Citizen scientists scanning images from NASA’s Spitzer Space Telescope, an orbiting infra-red observatory, recently stumbled upon a new class of curiosities that had gone largely unrecognized before: yellow balls.
“The volunteers started chatting about the yellow balls they kept seeing in the images of our galaxy, and this brought the features to our attention,” said Grace Wolf-Chase of the Adler Planetarium in Chicago.
The Milky Way Project is one of many “citizen scientist” projects making up the Zooniverse website, which relies on crowdsourcing to help process scientific data. For years, volunteers have been scanning Spitzer’s images of star-forming regions—places where clouds of gas and dust are collapsing to form clusters of young stars. Professional astronomers don’t fully understand the process of star formation; much of the underlying physics remains a mystery. Citizen scientists have been helping by looking for clues.
Before the yellow balls popped up, volunteers had already noticed green bubbles with red centers, populating a landscape of swirling gas and dust. These bubbles are the result of massive newborn stars blowing out cavities in their surroundings. When the volunteers started reporting that they were finding objects in the shape of yellow balls, the Spitzer researchers took note.
The rounded features captured by the telescope, of course, are not actually yellow, red, or green—they just appear that way in the infrared, color-assigned images that the telescope sends to Earth. The false colors provide a way to humans to talk about infrared wavelengths of light their eyes cannot actually see.
“With prompting by the volunteers, we analyzed the yellow balls and figured out that they are a new way to detect the early stages of massive star formation,” said Charles Kerton of Iowa State University, Ames. “The simple question of ‘Hmm, what’s that?’ led us to this discovery.”
A thorough analysis by the team led to the conclusion that the yellow balls precede the green bubbles, representing a phase of star formation that takes place before the bubbles form.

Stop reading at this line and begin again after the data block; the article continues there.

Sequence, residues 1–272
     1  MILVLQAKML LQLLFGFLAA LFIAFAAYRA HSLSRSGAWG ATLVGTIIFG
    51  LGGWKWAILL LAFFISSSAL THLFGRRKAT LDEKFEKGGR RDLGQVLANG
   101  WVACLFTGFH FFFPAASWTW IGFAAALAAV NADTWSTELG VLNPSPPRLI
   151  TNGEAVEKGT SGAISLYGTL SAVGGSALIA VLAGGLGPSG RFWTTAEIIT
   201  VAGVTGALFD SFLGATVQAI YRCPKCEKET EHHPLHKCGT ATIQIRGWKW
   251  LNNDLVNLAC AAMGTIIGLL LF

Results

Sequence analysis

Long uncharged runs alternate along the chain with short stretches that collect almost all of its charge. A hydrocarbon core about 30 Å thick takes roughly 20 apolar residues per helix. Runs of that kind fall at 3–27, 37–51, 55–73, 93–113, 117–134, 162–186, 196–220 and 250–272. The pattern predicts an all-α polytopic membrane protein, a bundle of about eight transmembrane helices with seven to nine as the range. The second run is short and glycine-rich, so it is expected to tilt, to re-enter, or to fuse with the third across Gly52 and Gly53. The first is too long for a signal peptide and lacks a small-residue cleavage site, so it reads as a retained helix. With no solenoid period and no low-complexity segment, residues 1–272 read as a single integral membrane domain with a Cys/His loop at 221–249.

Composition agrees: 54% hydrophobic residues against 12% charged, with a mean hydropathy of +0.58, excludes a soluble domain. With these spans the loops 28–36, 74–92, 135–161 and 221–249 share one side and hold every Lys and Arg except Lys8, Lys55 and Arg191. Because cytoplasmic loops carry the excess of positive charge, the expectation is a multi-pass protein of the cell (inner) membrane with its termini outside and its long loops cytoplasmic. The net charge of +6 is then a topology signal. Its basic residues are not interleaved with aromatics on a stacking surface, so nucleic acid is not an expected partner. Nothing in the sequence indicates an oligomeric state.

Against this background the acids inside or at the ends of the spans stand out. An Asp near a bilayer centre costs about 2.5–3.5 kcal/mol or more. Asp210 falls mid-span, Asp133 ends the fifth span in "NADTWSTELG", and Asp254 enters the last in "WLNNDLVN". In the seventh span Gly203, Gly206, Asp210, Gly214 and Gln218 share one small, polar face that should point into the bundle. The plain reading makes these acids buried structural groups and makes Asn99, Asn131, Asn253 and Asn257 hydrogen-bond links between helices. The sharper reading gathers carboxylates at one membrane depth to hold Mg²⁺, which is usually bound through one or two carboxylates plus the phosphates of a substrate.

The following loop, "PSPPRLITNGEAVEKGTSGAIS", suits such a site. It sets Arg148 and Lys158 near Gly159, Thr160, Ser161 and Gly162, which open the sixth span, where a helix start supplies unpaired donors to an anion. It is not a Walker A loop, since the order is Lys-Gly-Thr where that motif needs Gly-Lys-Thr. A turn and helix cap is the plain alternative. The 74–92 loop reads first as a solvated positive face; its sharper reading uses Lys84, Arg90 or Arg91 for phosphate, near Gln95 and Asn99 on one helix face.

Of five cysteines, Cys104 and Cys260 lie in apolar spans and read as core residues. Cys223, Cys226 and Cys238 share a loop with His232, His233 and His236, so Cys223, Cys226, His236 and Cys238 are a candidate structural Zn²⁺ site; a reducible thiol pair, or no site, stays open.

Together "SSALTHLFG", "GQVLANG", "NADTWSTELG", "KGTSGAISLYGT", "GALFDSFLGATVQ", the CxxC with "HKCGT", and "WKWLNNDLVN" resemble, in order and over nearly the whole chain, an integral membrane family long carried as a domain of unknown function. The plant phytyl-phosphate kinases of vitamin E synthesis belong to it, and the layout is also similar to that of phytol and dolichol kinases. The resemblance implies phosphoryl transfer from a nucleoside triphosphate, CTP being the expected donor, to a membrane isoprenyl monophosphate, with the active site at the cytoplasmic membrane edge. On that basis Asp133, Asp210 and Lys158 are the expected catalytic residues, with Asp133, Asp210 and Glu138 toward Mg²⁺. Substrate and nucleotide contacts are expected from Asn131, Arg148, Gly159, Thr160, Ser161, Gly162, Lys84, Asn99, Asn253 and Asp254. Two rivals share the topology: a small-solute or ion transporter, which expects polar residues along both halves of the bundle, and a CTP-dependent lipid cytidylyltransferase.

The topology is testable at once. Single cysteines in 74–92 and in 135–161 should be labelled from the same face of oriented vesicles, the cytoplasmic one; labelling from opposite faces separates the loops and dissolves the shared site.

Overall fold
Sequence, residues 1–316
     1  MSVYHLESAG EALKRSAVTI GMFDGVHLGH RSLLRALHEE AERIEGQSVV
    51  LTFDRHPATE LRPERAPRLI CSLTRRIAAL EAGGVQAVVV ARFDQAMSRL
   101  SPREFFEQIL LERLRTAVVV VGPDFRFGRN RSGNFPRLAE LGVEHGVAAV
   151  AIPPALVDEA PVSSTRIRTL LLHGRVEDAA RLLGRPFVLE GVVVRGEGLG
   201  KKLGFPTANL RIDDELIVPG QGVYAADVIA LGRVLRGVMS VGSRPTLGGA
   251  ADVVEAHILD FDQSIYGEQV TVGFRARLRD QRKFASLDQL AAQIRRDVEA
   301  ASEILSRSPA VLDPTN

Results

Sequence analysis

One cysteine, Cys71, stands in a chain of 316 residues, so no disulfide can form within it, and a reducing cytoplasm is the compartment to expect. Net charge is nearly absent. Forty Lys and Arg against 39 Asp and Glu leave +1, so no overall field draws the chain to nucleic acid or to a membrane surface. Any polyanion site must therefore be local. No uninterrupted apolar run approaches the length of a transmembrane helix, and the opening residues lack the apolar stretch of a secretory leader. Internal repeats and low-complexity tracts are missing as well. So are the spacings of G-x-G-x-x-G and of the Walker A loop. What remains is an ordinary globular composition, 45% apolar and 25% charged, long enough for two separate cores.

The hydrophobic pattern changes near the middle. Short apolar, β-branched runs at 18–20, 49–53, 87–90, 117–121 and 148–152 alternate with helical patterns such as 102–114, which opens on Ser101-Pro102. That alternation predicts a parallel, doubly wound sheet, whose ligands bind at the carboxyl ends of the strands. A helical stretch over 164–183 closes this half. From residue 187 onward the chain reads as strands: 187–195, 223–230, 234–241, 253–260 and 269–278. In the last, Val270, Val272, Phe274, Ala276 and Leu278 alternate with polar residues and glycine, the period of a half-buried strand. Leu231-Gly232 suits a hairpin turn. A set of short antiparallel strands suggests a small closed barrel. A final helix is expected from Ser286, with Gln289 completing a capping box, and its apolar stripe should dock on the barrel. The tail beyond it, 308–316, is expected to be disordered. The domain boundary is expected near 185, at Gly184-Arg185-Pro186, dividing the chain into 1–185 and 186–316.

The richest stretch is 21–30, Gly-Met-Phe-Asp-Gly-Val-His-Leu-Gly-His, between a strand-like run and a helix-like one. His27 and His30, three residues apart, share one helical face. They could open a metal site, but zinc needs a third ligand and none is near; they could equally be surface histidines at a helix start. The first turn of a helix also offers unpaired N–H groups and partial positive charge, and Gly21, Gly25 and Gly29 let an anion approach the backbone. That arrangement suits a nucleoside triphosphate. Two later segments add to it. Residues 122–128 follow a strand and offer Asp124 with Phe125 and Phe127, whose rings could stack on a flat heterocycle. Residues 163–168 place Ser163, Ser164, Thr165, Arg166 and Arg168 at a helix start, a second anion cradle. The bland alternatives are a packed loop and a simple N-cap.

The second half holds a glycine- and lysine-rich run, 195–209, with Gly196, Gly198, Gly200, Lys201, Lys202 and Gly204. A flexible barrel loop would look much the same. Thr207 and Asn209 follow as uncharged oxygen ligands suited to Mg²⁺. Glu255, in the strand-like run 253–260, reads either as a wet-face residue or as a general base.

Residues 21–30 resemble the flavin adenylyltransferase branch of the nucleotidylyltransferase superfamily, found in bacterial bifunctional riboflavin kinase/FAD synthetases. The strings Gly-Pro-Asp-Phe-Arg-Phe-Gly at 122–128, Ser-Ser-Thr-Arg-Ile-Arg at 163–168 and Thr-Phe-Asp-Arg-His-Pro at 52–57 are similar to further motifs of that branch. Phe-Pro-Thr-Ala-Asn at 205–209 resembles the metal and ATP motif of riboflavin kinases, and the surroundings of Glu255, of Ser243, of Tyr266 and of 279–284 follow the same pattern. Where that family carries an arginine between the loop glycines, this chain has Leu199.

“Basically, if you wind the clock backwards from the bubbles, you get the yellow balls,” said Kerton.
Researchers think the green bubble rims are made largely of organic molecules called polycyclic aromatic hydrocarbons (PAHs). PAHs are abundant in the dense molecular clouds where stars coalesce. Blasts of radiation and winds from newborn stars push these PAHs into a spherical shells that look like green bubbles in Spitzer’s images. The red cores of the green bubbles are made of warm dust that has not yet been pushed away from the windy stars.
How do the yellow balls fit in?
“The yellow balls are a missing link,” says Wolf-Chase. They represent a transition “between very young embryonic stars buried in dense, dusty clouds and slightly older, newborn stars blowing the bubbles.”
Essentially, the yellow balls mark places where the PAHs (green) and the dust (red) have not yet separated. The superposition of green and red makes yellow.
So far, the volunteers have identified more than 900 of these compact, yellow features. The multitude gives researchers plenty of chances to test their hypotheses and learn more about the way stars form.
Meanwhile, citizen scientists continue to scan Spitzer’s images for new finds. Green bubbles. Red cores. Yellow balls. What’s next? You could be the one who makes the next big discovery. To get involved, go to zooniverse.org and click on “The Milky Way Project.”